“She attended to the needs of each young person entrusted to her, without regard for station or wealth, providing both intellectual and spiritual formation,” he said. Her feast day is celebrated Aug. 8.
Relics of the six saints were brought to the altar during the two-hour liturgy. Tapestry portraits of the newly canonized hung from the facade of St. Peter’s Basilica behind the papal altar, and many pilgrims carried their own personal pictures of the saints.
The others canonized were:
• St. Camilla Battista Varano, 1458-1524, the illegitimate daughter of an Italian nobleman, had to overcome her father’s initial objections to enter the convent of the Poor Clares. Known for her mystical experiences during prayer, she died in an outbreak of the plague.
• St. Stanislaw Soltys, 1433-1489, who devoted his life to caring for the poor in his native Krakow, Poland. Famed as a preacher and confessor, he was known as the “Apostle of the Eucharist” for his taking Communion to the sick and lonely.
• St. Giulia Salzano, 1846-1929, taught catechism to schoolchildren near Naples, Italy, and later founded the Catechetical Sisters of the Sacred Heart of Jesus to continue her work, which offered religious education to children of all ages, to their mothers and to regular laborers.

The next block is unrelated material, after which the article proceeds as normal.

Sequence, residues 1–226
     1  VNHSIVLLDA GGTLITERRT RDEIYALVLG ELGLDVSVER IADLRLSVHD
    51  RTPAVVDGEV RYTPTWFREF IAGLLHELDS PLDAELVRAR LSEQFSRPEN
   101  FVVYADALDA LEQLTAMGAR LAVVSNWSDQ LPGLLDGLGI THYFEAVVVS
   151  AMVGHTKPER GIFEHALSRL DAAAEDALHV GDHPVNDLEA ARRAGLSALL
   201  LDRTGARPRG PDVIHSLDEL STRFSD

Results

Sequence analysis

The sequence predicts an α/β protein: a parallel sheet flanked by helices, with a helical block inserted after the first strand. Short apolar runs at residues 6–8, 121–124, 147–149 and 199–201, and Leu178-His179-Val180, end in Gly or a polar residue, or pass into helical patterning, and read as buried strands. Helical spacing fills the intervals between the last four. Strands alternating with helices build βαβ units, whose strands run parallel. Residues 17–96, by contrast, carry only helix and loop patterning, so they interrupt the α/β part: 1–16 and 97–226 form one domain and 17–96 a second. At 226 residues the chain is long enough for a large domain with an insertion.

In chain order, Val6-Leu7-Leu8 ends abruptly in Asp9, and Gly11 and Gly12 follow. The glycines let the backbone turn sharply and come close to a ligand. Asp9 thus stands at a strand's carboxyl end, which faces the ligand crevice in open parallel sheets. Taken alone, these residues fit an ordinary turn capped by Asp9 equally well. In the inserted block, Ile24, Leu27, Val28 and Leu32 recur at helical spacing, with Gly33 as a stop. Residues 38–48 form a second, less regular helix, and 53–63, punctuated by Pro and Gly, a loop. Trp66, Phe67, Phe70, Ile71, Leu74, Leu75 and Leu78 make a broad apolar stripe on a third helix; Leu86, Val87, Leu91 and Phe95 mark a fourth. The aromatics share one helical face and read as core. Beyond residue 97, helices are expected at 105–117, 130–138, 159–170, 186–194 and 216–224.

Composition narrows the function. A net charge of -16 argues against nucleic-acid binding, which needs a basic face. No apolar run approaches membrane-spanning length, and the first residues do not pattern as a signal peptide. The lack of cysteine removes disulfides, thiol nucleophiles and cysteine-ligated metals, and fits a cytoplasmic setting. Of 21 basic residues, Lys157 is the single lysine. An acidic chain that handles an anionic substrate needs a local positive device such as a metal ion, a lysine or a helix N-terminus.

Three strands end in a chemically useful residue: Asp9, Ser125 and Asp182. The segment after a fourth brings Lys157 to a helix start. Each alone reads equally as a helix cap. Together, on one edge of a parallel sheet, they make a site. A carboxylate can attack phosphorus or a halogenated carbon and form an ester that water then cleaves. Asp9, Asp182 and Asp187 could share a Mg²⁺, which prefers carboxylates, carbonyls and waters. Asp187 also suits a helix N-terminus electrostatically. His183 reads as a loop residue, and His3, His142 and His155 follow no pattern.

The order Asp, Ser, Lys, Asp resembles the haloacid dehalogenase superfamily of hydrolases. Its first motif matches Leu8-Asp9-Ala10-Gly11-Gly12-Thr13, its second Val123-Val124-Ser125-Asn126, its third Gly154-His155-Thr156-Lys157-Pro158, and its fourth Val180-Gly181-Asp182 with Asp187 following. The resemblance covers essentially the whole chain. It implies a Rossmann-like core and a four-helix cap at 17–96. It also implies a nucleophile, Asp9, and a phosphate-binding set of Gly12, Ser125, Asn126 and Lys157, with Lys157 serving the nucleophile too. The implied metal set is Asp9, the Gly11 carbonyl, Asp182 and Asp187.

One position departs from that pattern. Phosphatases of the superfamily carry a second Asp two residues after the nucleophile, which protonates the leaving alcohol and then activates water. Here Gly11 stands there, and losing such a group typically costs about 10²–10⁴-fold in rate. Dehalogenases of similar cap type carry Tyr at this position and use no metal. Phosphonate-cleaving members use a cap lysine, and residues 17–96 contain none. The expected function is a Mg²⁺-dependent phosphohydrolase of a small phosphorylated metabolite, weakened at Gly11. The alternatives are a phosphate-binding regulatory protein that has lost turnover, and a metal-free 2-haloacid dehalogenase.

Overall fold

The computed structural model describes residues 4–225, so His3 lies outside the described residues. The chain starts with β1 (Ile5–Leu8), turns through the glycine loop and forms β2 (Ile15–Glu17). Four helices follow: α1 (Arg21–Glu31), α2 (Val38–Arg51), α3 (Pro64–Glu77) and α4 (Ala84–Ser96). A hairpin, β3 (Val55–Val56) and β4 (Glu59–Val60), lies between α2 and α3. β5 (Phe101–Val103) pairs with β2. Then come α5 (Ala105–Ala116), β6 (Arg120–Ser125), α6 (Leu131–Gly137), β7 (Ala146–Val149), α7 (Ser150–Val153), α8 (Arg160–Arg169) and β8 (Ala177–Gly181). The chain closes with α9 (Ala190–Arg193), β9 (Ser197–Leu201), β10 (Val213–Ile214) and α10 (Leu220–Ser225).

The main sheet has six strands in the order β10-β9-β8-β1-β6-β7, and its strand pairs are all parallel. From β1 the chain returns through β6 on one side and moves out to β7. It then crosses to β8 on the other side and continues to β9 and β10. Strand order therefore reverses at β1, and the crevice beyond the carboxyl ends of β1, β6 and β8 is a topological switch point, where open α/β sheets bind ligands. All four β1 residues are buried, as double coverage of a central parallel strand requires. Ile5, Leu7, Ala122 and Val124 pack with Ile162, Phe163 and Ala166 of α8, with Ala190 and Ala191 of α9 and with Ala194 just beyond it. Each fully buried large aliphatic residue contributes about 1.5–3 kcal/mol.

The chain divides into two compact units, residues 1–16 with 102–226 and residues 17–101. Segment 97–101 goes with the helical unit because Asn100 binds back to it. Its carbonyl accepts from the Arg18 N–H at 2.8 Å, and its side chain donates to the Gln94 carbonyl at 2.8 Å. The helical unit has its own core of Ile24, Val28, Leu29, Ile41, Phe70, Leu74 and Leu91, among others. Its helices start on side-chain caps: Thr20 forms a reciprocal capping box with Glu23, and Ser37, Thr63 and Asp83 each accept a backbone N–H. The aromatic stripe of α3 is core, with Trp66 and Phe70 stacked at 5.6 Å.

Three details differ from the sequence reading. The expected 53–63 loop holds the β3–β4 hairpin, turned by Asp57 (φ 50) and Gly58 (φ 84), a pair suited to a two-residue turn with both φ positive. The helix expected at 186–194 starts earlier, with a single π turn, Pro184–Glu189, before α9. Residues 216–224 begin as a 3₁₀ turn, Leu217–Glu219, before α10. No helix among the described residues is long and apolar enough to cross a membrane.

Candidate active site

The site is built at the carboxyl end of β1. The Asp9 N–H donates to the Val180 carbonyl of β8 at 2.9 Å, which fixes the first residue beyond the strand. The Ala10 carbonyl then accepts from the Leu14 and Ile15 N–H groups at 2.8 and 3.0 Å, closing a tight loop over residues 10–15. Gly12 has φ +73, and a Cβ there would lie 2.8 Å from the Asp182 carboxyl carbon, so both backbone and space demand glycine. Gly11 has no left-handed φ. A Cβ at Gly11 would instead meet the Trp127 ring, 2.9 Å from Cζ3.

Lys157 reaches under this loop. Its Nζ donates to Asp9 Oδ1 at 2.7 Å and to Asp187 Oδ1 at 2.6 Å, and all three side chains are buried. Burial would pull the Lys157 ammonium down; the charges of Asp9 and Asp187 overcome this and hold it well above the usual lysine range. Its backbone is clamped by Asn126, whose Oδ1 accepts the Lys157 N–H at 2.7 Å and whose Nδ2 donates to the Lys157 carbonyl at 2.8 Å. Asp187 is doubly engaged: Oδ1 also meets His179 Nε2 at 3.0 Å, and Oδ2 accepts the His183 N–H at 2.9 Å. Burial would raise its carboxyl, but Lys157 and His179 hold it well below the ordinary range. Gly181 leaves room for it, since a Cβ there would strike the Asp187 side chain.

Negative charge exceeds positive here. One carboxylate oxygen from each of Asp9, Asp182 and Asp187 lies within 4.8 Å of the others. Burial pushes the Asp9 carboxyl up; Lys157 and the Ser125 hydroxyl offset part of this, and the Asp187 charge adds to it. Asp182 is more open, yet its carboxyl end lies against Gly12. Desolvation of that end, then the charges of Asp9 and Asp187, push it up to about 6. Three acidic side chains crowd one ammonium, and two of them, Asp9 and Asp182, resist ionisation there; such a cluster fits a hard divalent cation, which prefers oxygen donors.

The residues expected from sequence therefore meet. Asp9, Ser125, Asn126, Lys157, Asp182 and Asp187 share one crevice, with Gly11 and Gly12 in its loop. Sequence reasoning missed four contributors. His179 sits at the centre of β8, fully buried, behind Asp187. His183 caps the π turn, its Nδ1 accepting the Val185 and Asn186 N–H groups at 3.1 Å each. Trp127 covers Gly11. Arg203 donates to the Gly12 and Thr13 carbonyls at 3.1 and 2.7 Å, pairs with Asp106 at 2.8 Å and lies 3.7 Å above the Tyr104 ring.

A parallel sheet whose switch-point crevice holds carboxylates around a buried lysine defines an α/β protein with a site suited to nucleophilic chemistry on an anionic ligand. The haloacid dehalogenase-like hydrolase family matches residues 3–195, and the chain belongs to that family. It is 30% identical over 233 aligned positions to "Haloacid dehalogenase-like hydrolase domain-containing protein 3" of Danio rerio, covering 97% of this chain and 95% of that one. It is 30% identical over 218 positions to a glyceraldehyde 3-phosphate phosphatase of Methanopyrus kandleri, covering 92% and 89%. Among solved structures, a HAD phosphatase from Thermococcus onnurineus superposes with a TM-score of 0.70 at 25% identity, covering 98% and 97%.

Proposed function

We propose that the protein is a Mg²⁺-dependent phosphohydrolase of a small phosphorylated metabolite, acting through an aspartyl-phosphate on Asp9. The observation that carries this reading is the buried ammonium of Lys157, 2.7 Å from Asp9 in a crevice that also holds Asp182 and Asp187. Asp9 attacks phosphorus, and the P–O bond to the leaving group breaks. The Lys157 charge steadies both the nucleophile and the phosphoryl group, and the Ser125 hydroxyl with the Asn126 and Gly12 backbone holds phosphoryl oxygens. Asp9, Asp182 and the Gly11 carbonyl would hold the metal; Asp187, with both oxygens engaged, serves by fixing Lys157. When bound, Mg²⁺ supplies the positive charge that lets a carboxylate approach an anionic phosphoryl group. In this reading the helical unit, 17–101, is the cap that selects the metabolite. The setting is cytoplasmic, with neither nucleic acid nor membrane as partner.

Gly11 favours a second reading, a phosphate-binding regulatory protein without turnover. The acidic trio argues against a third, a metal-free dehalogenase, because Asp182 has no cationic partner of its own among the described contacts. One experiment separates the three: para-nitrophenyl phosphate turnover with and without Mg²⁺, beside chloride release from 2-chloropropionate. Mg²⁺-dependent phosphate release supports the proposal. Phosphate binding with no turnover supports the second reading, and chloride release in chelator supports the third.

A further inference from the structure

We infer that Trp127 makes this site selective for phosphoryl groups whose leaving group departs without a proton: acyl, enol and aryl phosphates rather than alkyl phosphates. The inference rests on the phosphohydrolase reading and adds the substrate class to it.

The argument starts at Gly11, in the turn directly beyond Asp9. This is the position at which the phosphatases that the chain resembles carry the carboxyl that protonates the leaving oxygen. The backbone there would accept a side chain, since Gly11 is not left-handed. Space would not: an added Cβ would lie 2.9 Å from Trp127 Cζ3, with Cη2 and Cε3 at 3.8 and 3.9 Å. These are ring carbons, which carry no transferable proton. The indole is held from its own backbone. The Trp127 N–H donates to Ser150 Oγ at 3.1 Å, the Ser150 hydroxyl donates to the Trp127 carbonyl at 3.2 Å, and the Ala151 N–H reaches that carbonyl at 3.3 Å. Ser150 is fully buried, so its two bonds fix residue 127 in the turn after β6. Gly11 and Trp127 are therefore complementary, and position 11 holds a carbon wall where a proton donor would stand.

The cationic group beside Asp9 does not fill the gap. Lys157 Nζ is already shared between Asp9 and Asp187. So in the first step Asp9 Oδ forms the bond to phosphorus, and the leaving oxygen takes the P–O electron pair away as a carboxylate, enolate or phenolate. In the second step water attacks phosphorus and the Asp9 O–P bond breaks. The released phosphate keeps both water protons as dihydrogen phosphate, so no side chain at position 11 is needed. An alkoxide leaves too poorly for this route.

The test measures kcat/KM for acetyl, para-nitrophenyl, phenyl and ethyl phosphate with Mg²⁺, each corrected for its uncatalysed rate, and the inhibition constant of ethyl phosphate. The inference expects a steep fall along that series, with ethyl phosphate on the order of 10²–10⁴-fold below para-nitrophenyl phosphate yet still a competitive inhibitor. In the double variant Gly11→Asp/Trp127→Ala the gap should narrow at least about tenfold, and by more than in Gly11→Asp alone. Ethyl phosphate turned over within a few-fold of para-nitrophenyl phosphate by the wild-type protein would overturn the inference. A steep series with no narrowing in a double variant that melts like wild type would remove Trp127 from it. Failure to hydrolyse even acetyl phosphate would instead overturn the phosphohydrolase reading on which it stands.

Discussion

• St. Juana Cipitria Barriola, 1845-1912, was a champion of education for girls and young women in her native Spain. Known in some countries as Mother Candida Maria de Jesus, she founded the Daughters of Jesus with five other young women. She ran a special school on Sundays for girls who were employed as domestics, because Sunday was their only day off.
In his homily, the pope said the new saints exemplified the effectiveness of prayer as an expression of faith.
“Sometimes we get tired of praying, we have the impression that prayer is not very useful in life, that it is not terribly effective. So we are tempted to dedicate ourselves to activity, to using all human means to achieve our aims, and without turning to God,” he said.
The canonization brought some 8,000 Australian pilgrims to Rome, where Australian flags waved in abundance during the papal liturgy.
St. MacKillop, the oldest of eight children of Scottish immigrants to Australia, began at the age of 24 to work with a priest to provide free education to the rural poor of the country. Three years later, there were 60 sisters working in schools, orphanages and women’s shelters.
The nuns were also committed to following poor farmworkers, miners and other laborers into remote areas of the country to educate their children.
Local Church officials, however, disapproved of the sisters living in tiny, isolated communities — sometimes only two to a hut — frequently cut off from the sacraments in the remote Australian outback. She was even briefly excommunicated by the local bishops, who disbanded her order, the Sisters of St. Joseph of the Sacred Heart. But within a few months, the bishop lifted his censure, and a Church commission cleared the sisters of all wrongdoing.
In 1901, she suffered a stroke during a trip to New Zealand, and her health declined until her death in 1909.